In his USA Today column, Jonah Goldberg exposes a national disgrace I was completely unaware of, one that is almost too heartbreaking to comprehend: the United State military sometimes reclassifies combat dogs as “equipment” and abandons them to languish in shelters overseas in war zones.
Other than the fact that combat dogs save an average of 150 American lives during their service, these living creatures form strong emotional attachments to the men assigned to them. But when their time is up — when they become too old, combat fatigued or shall-shocked to be useful in combat — rather than transport them home for adoption, they are sometimes heartlessly abandoned.
Goldberg writes that…
It is one thing to ask these warriors to say goodbye to their dog when it is still on active duty and is assigned a new handler, which often happens. It is quite another to ask them to leave these dogs behind when the dogs are effectively abandoned overseas, left to languish in shelters — or worse. That’s why handlers are sometimes forced to make incredible sacrifices to get their four-legged comrades home on their own.
Those “incredible sacrifices” made by the dog’s handlers (also known as combat veterans), can mean an out-of-pocket cost of thousands of dollars.
Goldberg points out that there are a number of charities devoted to reuniting these dogs and their handlers but many animals still fall through the cracks; abandoned in a strange land after being cruelly separated from the one person they love and the only life they know. North Carolina Congressman Walter Jones is pushing legislation that would require retired military dogs be brought home for adoption, but it’s gone nowhere for over two years.
CNN points out that thanks to a 2000 law signed by President Clinton, things are better for combat dogs than they were. Still, this is happening, even with “half-empty cargo planes transversing the globe daily,” as Debbie Kandoll founder of Military Working Dog Adoptions told CNN.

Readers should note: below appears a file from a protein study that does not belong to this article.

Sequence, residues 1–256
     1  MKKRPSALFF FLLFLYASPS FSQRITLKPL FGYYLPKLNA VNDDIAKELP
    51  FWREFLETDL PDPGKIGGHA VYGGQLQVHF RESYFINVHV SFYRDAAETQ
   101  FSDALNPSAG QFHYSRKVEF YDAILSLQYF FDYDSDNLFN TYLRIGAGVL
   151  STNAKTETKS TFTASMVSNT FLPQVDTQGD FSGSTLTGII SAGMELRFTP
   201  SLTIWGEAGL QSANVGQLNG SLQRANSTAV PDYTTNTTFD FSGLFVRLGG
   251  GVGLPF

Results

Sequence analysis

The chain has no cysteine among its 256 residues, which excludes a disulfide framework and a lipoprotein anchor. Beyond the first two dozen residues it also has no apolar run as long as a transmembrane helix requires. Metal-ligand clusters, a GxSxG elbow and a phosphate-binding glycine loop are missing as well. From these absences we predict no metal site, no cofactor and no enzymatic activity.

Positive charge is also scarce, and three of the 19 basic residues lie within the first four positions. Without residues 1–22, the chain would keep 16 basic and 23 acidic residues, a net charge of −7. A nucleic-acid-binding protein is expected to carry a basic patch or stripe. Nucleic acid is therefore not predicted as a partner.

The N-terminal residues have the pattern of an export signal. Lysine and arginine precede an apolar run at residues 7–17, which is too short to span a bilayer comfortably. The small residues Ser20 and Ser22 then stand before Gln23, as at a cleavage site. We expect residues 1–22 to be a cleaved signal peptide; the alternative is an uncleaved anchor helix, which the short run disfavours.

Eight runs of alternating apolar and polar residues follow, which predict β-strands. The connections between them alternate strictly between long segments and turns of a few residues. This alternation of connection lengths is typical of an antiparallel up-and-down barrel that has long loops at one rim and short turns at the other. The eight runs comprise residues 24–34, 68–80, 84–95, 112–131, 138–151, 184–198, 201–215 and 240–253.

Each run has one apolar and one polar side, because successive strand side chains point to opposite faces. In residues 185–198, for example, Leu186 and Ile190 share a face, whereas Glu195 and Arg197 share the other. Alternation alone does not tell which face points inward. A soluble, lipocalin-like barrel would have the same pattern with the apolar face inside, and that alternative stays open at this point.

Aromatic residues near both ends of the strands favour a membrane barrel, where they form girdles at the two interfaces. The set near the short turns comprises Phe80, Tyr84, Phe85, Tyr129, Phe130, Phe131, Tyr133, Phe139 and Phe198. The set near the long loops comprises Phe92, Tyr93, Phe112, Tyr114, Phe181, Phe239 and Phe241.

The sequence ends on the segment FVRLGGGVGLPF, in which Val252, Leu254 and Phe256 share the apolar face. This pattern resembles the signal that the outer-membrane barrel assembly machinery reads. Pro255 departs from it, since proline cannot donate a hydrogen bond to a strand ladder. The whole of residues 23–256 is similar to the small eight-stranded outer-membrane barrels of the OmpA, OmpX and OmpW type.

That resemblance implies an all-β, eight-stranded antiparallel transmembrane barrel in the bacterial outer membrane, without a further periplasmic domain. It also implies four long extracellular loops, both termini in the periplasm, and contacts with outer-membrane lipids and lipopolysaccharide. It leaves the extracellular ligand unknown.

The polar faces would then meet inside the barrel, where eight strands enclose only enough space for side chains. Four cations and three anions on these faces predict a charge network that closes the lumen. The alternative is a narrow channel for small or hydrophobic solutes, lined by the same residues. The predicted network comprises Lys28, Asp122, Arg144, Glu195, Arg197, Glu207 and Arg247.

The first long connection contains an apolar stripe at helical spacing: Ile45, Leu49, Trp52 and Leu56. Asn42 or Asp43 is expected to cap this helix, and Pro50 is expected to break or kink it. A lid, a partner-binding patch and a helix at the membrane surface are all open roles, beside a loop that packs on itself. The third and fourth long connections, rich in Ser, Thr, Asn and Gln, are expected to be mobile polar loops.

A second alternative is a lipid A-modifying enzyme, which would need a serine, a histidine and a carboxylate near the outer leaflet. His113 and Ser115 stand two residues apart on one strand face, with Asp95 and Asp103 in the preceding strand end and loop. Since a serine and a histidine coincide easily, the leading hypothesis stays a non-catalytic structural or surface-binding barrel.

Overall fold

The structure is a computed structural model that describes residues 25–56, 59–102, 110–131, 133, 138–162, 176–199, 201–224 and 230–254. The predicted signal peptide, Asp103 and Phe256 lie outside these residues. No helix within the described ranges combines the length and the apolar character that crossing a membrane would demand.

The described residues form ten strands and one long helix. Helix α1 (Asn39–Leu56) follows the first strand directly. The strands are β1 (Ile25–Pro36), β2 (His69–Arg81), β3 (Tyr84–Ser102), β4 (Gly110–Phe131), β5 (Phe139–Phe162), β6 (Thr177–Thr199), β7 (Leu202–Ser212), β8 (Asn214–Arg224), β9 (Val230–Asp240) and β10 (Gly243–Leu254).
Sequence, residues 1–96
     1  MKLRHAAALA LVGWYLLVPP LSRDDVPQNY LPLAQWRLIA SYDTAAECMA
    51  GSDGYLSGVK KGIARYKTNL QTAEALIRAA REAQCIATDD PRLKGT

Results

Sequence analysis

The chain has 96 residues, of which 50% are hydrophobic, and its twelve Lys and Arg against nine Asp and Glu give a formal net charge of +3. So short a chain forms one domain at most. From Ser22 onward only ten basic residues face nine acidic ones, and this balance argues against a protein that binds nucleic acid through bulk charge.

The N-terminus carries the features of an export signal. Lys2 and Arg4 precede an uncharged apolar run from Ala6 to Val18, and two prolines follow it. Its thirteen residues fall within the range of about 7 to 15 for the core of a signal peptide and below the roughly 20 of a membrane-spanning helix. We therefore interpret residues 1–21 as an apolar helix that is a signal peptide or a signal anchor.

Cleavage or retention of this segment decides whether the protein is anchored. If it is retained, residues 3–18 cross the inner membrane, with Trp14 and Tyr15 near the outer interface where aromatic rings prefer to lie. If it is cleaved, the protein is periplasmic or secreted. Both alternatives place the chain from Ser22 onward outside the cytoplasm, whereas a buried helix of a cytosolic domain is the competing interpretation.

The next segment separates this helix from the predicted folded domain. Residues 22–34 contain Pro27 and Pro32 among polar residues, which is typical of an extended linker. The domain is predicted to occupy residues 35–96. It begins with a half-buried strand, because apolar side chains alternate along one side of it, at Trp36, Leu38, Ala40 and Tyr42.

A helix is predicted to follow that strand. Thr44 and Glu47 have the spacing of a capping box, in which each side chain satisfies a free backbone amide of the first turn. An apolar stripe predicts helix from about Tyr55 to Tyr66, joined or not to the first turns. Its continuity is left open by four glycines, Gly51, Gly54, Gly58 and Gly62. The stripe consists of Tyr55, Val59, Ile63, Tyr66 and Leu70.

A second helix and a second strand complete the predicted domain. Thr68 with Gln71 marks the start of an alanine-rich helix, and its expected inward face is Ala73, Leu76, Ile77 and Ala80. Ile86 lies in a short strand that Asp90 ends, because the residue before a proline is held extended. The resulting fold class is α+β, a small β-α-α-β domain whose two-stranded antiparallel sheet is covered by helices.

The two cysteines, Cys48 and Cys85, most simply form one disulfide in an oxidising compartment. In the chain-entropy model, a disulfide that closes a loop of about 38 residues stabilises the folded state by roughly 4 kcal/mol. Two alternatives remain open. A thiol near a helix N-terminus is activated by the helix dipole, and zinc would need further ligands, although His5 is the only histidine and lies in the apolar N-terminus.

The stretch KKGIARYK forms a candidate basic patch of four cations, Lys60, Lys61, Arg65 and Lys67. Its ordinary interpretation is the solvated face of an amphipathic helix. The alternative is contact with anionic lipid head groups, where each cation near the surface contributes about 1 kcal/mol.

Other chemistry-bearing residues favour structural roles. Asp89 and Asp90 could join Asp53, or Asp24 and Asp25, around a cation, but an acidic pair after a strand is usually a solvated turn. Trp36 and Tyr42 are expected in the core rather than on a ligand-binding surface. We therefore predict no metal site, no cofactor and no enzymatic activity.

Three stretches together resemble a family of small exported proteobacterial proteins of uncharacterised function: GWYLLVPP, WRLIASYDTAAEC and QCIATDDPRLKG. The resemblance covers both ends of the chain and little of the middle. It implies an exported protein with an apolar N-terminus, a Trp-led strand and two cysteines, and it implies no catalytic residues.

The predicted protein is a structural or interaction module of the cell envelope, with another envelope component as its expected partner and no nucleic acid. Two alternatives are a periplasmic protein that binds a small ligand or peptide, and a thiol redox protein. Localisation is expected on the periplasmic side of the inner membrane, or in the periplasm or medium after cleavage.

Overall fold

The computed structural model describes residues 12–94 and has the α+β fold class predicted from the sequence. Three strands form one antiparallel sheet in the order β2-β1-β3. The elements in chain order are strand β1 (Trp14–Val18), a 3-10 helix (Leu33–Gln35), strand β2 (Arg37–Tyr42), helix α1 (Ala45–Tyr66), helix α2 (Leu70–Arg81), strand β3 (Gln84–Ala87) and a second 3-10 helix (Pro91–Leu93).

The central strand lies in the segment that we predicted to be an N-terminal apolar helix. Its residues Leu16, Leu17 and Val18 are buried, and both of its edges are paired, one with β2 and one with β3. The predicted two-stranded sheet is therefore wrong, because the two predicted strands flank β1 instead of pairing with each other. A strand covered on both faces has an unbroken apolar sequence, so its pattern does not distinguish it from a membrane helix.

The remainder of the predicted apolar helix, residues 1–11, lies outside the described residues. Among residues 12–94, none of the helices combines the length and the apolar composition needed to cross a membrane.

“It would be more than feasible to place a retired military working dog on the transport plane back to the continental United States,” she added. “Uncle Sam got them over there, and it’s a point of honor for Uncle Sam to get his soldiers, whether they are four-legged or two-legged, back to the U.S.”
No one, including Goldberg, is comparing the life of an animal to a human being. That’s not the point. That’s a different debate. The point is that this is wrong, morally wrong in every sense of the word. We are talking about a life. Not a human life, but the life of an innocent animal capable of selflessness, courage, loyalty, friendship and love. And an animal capable of such things is of course capable of feeling abandonment, heartache, and loss.
If you (in this case, meaning the military and our country) assume the responsibility for the life of a dog in order to benefit from all the rewards that come with such a thing, you have a moral obligation to see that duty through to the end.
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